Document Detail

Vitamin D deficiency and cardiovascular events in patients with coronary heart disease: data from the Heart and Soul Study.
MedLine Citation:
PMID:  24699783     Owner:  NLM     Status:  MEDLINE    
A growing body of evidence supports an association between vitamin D and cardiovascular disease. However, the mechanisms underlying this association are unknown. From 2000 to 2002, we identified 946 participants with stable cardiovascular disease in San Francisco, California, and followed them prospectively for cardiovascular events (heart failure, myocardial infarction, stroke, or cardiovascular death). We then examined the extent to which the association was attenuated by adjustment for poor health behaviors, comorbid health conditions, and potential biological mediators. During a median follow-up period of 8.0 years (through August 24, 2012), 323 subjects (34.1%) experienced a cardiovascular event. Following adjustment for sociodemographic factors, season of blood measurement, health behaviors, and comorbid conditions, 25-hydroxyvitamin D levels under 20 ng/mL remained independently associated with cardiovascular events (hazard ratio = 1.30, 95% confidence interval: 1.01, 1.67). However, after further adjustment for potential biological mediators, the independent association was no longer present (hazard ratio = 1.11, 95% confidence interval: 0.85, 1.44). Parathyroid hormone, a potentially modifiable biological factor downstream from 25-hydroxyvitamin D, was responsible for the majority of this attenuation. These findings highlight the need for randomized controlled trials to determine whether vitamin D supplementation in persons with deficiency could be beneficial for the primary or secondary prevention of cardiovascular events.
Christine C Welles; Mary A Whooley; S Ananth Karumanchi; Tammy Hod; Ravi Thadhani; Anders H Berg; Joachim H Ix; Kenneth J Mukamal
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Publication Detail:
Type:  Journal Article; Observational Study; Research Support, N.I.H., Extramural; Research Support, Non-U.S. Gov't; Research Support, U.S. Gov't, Non-P.H.S.     Date:  2014-04-03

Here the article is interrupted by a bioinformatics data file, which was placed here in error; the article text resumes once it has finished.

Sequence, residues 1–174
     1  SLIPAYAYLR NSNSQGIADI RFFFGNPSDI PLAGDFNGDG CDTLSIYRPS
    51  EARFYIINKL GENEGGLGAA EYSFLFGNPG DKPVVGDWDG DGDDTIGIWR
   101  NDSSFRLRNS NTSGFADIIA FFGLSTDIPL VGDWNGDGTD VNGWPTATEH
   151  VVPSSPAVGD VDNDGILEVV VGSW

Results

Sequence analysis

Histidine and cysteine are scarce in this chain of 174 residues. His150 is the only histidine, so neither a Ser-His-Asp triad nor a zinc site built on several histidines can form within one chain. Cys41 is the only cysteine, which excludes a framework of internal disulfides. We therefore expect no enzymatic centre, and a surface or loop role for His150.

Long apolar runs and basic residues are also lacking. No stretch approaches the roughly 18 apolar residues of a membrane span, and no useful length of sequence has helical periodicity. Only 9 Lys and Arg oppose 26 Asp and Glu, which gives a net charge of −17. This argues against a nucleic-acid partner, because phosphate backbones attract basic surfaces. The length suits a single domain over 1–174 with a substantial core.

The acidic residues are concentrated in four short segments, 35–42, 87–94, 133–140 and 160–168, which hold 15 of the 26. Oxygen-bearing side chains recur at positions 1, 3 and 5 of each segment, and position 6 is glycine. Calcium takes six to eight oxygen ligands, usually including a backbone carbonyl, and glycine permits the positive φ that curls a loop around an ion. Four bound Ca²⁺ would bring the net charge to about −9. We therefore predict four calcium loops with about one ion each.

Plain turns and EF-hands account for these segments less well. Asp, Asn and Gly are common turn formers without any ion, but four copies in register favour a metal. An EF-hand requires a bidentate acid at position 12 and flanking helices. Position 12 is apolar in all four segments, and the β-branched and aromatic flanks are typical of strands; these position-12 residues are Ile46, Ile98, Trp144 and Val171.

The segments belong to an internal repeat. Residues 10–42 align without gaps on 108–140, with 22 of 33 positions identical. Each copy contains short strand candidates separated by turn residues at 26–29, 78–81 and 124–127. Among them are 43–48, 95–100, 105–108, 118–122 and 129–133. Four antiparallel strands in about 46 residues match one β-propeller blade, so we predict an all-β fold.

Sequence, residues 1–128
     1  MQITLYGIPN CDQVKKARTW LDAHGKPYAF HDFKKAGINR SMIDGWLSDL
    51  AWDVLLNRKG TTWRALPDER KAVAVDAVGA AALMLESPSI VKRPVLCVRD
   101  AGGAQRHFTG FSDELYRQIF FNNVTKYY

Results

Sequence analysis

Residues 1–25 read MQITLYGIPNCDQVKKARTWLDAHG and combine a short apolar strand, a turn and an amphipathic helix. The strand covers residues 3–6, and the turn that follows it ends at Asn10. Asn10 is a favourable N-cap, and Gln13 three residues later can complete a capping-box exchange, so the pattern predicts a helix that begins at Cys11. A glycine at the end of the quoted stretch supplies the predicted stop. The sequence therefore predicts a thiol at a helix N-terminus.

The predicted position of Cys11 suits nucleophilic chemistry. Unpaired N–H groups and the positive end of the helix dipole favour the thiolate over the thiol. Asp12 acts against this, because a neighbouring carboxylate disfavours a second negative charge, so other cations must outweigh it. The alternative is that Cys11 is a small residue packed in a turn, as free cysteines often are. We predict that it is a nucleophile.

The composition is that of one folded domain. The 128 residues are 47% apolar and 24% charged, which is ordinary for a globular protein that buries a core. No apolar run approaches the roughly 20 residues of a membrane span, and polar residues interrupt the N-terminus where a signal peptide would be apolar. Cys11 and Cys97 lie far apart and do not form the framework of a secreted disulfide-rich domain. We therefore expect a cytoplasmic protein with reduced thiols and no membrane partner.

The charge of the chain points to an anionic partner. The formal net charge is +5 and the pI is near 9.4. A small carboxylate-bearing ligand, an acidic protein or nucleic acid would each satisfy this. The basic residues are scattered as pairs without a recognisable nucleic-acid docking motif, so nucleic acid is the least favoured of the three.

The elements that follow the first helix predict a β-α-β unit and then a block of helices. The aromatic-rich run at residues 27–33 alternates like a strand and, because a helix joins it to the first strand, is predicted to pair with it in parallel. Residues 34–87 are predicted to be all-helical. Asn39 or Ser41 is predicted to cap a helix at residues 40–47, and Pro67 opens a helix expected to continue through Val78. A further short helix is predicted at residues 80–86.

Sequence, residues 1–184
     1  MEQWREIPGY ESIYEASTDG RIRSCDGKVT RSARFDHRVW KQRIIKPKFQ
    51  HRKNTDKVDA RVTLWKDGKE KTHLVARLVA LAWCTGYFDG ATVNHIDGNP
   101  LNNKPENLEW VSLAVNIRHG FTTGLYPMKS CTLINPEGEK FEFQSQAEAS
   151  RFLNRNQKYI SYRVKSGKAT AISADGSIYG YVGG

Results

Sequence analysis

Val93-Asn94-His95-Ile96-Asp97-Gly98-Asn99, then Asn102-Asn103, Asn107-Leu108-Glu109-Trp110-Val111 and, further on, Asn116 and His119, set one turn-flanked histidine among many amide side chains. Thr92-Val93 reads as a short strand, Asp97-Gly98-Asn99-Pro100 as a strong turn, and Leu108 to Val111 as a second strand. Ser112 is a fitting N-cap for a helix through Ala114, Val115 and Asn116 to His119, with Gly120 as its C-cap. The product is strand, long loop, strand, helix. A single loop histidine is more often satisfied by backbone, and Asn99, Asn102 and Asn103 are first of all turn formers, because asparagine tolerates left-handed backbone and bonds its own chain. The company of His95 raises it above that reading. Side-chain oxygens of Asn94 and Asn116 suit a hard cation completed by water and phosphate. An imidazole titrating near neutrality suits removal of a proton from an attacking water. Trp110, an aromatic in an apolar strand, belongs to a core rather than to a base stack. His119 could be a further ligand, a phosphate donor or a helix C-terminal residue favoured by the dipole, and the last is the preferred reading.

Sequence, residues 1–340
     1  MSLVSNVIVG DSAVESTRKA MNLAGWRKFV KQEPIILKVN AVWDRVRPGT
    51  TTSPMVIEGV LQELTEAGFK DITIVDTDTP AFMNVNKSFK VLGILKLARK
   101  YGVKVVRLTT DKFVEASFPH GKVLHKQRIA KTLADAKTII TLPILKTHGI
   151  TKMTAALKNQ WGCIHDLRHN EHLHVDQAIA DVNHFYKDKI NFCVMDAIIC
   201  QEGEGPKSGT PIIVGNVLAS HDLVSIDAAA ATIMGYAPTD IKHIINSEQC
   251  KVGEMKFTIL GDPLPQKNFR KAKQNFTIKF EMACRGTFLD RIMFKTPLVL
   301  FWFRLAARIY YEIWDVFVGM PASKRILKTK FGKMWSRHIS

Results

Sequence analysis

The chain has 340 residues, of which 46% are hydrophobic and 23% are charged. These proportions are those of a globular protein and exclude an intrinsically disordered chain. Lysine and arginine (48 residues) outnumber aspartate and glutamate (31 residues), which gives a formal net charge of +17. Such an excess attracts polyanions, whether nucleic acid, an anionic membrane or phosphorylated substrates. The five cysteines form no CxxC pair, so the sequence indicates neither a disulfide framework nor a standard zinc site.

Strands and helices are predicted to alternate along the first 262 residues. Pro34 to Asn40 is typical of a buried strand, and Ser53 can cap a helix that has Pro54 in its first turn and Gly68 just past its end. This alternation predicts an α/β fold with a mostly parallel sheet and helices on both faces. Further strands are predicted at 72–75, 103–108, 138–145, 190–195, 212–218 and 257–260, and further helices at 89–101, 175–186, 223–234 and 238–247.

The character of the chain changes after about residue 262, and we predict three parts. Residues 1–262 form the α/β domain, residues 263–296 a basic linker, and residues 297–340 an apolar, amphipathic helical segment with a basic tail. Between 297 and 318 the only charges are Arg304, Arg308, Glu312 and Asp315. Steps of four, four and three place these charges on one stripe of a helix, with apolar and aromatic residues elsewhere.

Journal Detail:
Title:  American journal of epidemiology     Volume:  179     ISSN:  1476-6256     ISO Abbreviation:  Am. J. Epidemiol.     Publication Date:  2014 Jun 
Date Detail:
Created Date:  2014-05-28     Completed Date:  2014-07-14     Revised Date:  2014-11-06    
Medline Journal Info:
Nlm Unique ID:  7910653     Medline TA:  Am J Epidemiol     Country:  United States    
Other Details:
Languages:  eng     Pagination:  1279-87     Citation Subset:  IM    
Copyright Information:
© The Author 2014. Published by Oxford University Press on behalf of the Johns Hopkins Bloomberg School of Public Health. All rights reserved. For permissions, please e-mail:
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MeSH Terms
Biological Markers / blood
Coronary Disease / complications*
Follow-Up Studies
Heart Failure / etiology*
Middle Aged
Myocardial Infarction / etiology*
Proportional Hazards Models
Prospective Studies
Risk Factors
Stroke / etiology*
Vitamin D / analogs & derivatives,  blood
Vitamin D Deficiency / blood,  complications*,  diagnosis
Grant Support
DK094486/DK/NIDDK NIH HHS; DK094872/DK/NIDDK NIH HHS; //Howard Hughes Medical Institute
Reg. No./Substance:
0/Biological Markers; 1406-16-2/Vitamin D; 64719-49-9/25-hydroxyvitamin D
Comment In:
Am J Epidemiol. 2014 Oct 1;180(7):757-8   [PMID:  25150268 ]
Am J Epidemiol. 2014 Jun 1;179(11):1288-90   [PMID:  24699787 ]
Am J Epidemiol. 2014 Oct 1;180(7):758   [PMID:  25150267 ]
Erratum In:
Am J Epidemiol. 2014 Oct 1;180(7):762

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